Author(s): Astur RS, Tropp J, Sava S, Constable RT, Markus EJ
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Abstract Different tasks are often used to assess spatial memory in humans compared to nonhumans. In order to bridge this paradigmatic gap, we used a within-subject design to test 61 undergraduates on three spatial memory tasks. One of these tasks, the Vanderberg 3D mental rotation task, is classically used to assess spatial memory in humans. The other two tests are virtual analogues of two tasks used classically to assess spatial memory in rodents: the Morris water task and an eight-arm radial maze. We find that males perform significantly better than females on the mental rotation task and in finding a hidden platform in the virtual Morris water task. Moreover, during a probe trial, males spend significantly more distance of their swim in the training quadrant, but males and females do not differ in navigating to a visible platform. However, for the virtual eight-arm radial maze, there is no sex difference in working memory errors, reference memory errors, or distance to find the rewards. Surprisingly, an examination of the correlations among the three tasks indicates that only mental rotation ability and Morris water task probe trial performance correlate significantly among the three tasks (i.e. there are no significant correlations with traditional measures the tasks, e.g. time or distance to completion). Hence, the Morris water task and the eight-arm radial maze do not assess spatial memory in the same manner, and even after equating factors such as motivation, stress, and motor demands, there still are procedural demands of the tasks that reinforce differential strategy selection during spatial memory. This suggests that caution should be taken when utilizing these two tasks interchangeable as tests of spatial memory. Copyright 2003 Elsevier B.V.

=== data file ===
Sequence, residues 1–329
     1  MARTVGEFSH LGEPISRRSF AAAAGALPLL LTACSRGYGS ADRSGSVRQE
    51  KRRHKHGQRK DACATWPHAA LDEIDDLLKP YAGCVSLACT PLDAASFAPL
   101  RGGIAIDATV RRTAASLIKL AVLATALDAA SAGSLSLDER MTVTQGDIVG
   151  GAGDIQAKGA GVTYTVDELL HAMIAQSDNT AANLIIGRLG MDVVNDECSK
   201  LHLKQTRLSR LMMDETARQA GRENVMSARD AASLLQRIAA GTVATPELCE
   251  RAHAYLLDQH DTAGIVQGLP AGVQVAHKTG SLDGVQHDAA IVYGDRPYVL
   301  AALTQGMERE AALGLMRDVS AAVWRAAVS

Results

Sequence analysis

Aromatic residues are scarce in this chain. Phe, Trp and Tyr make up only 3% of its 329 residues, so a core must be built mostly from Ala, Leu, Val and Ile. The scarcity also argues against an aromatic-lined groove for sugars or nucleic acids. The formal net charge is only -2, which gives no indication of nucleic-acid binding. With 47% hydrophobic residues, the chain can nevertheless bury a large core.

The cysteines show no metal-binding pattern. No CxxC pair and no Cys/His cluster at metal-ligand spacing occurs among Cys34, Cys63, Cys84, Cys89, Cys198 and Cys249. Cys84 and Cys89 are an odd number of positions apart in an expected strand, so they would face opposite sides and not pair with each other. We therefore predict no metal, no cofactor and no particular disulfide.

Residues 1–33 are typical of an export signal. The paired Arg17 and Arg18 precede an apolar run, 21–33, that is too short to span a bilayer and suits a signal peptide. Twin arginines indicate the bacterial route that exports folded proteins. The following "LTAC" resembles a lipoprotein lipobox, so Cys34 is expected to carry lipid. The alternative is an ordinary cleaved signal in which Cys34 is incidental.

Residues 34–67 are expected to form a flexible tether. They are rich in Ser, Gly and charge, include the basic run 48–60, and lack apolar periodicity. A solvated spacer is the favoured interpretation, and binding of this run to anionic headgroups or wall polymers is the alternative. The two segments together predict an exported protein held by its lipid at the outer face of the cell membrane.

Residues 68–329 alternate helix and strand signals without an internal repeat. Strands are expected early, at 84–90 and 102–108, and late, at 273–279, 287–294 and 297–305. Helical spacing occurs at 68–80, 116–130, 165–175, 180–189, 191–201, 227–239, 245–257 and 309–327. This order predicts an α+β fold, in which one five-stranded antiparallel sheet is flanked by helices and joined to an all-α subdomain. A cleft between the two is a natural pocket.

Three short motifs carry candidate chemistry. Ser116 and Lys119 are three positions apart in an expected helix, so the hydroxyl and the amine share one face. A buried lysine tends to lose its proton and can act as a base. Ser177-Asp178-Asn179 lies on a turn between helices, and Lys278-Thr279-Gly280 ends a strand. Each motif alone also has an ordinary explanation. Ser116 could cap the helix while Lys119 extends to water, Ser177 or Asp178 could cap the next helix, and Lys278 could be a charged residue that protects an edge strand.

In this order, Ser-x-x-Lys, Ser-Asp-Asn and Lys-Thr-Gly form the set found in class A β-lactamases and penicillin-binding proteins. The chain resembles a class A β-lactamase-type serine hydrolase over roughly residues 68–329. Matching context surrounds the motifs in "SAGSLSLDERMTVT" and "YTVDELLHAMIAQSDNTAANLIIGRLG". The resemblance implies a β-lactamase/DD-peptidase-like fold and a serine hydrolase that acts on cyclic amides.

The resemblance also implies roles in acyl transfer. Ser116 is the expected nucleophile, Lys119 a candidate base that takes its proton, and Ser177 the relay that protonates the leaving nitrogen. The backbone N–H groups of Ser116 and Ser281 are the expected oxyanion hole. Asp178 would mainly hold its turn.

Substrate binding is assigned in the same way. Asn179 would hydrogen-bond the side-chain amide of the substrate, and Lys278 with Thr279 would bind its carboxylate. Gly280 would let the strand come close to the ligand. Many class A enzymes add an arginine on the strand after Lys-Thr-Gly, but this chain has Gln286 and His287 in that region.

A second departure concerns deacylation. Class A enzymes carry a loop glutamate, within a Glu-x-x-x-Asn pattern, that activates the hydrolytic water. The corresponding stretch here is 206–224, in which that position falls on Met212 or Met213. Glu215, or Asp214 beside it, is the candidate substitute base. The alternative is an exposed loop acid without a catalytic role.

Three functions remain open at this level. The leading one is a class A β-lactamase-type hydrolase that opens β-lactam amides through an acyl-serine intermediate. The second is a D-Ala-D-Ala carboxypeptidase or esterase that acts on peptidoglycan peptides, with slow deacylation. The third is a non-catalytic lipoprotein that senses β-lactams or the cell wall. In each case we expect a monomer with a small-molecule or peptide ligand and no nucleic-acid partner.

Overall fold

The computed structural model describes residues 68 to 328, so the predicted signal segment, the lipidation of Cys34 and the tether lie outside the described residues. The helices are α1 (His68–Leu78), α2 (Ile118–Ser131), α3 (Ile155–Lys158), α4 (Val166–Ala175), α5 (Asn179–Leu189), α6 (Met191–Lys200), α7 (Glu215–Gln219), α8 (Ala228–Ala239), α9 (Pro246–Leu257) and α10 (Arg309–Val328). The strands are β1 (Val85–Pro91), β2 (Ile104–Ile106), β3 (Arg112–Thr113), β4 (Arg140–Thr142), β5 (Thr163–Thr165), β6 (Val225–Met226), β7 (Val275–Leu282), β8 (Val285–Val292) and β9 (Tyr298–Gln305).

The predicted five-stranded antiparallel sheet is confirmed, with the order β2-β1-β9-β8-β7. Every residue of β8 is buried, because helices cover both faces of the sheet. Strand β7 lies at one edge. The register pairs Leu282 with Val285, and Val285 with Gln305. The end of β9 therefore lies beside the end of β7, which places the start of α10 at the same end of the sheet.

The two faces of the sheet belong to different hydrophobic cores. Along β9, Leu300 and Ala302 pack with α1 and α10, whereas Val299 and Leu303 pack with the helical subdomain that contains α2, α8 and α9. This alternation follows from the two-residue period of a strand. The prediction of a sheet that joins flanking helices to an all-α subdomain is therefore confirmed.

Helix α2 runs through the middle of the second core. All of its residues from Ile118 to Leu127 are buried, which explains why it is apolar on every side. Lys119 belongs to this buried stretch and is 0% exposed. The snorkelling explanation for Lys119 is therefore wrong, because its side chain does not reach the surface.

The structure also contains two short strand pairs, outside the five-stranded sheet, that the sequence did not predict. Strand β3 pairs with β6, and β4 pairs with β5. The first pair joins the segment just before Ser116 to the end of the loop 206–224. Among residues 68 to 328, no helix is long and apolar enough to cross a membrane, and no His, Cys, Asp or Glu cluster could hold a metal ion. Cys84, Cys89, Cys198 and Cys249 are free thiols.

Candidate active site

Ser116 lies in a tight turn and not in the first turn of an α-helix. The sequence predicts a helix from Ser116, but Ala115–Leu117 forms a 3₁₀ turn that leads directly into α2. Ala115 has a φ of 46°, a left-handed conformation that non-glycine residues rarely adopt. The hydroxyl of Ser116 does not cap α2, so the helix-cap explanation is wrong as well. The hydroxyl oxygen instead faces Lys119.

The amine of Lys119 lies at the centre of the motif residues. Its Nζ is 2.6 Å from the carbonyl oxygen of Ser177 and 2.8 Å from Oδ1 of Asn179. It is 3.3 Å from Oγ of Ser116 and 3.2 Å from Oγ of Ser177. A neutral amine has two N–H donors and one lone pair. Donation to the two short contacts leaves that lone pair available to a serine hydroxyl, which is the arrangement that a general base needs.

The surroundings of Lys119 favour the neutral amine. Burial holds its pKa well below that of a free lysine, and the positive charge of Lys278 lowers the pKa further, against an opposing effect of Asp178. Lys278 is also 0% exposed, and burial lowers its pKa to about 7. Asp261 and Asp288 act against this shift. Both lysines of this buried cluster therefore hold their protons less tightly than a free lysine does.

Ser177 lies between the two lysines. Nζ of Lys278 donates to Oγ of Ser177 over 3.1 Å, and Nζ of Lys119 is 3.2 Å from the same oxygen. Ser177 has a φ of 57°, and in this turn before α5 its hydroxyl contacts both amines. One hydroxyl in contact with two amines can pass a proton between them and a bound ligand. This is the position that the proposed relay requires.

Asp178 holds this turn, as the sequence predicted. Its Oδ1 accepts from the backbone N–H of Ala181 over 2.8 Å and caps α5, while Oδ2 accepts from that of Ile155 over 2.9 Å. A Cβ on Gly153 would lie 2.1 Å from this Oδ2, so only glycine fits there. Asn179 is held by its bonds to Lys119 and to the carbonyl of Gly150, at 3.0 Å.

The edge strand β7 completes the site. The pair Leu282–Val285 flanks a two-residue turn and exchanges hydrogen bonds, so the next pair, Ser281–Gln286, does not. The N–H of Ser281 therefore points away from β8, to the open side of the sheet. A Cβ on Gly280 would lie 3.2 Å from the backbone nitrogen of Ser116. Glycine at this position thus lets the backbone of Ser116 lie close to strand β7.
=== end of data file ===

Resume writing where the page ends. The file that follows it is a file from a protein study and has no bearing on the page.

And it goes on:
This article was published in Behav Brain Res
and referenced in Journal of Addiction Research & Therapy